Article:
of use. Smoking frequency was expressed as less than once per month, once or twice
per month, once or twice per week, and daily or almost daily.
were classified as current, former, or never smokers and users of alcoholic beverages
on the basis of their questionnaire responses.(n10, n11) Current and former smokers
were categorized by frequency (number of cigarettes per day) and duration (years)
of smoking. Current alcohol users were categorized by usual numbers of drinks
consumed per day.
was ascertained through 1991 by computer-matching study cohort members with the
Kaiser Permanente Medical Care Program membership file as of 1992 and extracting
a list of subjects who were no longer members. From this list we accepted as confirmed
deaths those ascertained in previous research studies. The mortality status of
the remaining study subjects who were no longer members was ascertained by computer-matching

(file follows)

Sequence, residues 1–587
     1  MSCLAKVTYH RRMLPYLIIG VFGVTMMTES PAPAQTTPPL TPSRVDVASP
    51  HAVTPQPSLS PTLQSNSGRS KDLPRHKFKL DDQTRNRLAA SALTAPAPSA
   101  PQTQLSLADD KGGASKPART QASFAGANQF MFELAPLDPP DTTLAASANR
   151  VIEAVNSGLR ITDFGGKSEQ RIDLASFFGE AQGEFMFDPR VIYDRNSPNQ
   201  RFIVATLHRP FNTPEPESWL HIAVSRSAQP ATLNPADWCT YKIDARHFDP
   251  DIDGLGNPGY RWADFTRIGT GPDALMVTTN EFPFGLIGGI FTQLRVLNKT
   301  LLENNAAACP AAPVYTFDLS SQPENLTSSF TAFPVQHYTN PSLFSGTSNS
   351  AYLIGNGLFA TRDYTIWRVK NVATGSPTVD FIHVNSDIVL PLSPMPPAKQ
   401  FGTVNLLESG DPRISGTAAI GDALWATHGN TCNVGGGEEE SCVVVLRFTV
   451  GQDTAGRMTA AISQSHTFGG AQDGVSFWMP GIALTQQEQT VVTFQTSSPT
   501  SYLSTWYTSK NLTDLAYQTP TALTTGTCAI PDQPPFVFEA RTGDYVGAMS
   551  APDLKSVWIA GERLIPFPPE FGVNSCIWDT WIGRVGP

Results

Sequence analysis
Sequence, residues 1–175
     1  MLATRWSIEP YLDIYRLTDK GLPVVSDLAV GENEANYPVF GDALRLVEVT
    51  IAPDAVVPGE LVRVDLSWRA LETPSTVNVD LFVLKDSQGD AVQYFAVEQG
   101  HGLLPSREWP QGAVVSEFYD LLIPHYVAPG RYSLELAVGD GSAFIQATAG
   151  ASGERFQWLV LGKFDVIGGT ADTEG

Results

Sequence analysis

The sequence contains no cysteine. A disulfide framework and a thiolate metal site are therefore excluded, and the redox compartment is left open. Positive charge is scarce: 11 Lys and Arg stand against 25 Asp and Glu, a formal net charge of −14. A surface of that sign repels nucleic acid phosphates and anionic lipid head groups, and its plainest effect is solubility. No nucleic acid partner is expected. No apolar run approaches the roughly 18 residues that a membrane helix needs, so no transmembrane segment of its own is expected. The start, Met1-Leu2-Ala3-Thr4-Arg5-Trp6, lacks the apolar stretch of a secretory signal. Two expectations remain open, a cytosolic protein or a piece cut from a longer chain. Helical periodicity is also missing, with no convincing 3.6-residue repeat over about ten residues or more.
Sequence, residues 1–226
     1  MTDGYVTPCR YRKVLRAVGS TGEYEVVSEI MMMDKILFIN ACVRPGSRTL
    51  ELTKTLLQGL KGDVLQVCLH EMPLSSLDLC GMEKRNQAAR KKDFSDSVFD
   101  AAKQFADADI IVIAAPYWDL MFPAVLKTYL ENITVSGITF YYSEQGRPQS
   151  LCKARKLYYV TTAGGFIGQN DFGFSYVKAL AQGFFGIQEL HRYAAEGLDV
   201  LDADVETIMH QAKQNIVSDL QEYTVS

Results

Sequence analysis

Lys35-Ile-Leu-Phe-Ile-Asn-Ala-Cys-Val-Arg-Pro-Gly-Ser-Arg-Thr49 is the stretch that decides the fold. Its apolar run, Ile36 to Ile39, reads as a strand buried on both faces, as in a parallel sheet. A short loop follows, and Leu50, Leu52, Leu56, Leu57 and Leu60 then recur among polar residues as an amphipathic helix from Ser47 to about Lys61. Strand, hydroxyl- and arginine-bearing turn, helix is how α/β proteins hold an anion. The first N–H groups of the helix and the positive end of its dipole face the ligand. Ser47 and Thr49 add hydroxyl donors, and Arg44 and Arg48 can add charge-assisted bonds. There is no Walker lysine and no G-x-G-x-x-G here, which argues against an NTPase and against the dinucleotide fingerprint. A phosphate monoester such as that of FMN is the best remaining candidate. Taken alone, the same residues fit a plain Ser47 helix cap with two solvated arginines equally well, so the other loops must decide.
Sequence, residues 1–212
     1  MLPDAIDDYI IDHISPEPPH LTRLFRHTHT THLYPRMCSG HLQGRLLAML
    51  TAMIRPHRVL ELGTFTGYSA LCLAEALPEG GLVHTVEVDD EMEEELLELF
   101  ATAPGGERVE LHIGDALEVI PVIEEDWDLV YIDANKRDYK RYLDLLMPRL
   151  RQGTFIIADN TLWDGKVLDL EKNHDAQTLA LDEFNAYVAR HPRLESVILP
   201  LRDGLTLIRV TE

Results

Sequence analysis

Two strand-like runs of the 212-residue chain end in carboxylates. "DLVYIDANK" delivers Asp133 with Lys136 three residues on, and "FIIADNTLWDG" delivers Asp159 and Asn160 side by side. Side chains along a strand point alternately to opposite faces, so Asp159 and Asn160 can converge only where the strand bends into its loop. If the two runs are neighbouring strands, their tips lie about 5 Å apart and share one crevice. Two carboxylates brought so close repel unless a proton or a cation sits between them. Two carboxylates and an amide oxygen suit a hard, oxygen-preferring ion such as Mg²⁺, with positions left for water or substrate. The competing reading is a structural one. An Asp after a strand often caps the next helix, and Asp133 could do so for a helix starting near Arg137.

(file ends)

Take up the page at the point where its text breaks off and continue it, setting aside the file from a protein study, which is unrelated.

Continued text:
names and other demographic data with the California death file, using the California
Automated Mortality Linkage and Information System (CAMLIS).(n12) Death certificate--specified
underlying causes of death (International Classification of Diseases, 9th rev.--ICD-9)
were used for coding. Centers for Disease Control and Prevention criteria were
used to code acquired immunodeficiency syndrome (AIDS) prior to the introduction
of specific disease codes associated with the human immunodeficiency virus (HIV)
of subjects who left California were investigated by linking pertinent Social
Security numbers to a Pension Benefits Information (Tiburon, Calif) database that
included mortality data from the state of California Center for Health Statistics,